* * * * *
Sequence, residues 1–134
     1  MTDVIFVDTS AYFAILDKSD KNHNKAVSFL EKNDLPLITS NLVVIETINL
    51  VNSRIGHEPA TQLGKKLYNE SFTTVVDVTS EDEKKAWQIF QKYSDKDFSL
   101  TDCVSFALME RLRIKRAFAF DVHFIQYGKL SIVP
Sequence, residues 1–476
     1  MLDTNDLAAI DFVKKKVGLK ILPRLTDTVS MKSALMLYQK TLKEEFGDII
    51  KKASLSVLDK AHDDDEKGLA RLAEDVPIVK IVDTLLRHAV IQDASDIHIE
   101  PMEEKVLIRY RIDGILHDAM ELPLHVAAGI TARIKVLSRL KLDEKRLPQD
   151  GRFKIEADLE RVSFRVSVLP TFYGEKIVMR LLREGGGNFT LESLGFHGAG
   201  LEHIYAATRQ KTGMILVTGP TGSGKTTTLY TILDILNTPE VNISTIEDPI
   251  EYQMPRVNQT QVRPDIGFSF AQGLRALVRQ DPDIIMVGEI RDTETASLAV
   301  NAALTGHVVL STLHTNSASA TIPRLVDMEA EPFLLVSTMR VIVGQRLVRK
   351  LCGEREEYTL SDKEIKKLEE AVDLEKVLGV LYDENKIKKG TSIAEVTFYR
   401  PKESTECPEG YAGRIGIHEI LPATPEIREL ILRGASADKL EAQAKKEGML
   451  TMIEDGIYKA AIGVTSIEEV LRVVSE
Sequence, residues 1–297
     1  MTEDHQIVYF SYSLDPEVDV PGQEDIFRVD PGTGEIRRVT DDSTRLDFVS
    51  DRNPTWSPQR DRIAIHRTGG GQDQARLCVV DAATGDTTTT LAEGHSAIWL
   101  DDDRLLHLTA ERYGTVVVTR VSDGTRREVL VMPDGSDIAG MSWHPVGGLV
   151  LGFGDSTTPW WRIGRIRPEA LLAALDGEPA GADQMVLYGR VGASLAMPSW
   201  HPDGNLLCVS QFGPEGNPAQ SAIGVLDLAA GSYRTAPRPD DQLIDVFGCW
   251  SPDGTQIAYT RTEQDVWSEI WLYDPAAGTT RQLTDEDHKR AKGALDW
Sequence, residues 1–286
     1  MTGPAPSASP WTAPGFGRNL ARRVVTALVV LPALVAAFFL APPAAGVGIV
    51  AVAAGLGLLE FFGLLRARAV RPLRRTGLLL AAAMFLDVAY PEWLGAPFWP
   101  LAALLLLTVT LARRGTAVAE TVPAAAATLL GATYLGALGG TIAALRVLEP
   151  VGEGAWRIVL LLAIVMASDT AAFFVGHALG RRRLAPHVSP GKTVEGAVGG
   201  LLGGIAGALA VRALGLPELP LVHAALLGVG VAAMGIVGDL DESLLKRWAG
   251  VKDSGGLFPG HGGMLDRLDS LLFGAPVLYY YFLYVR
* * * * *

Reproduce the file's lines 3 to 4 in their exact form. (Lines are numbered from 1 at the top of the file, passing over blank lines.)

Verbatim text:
    51  VNSRIGHEPA TQLGKKLYNE SFTTVVDVTS EDEKKAWQIF QKYSDKDFSL
   101  TDCVSFALME RLRIKRAFAF DVHFIQYGKL SIVP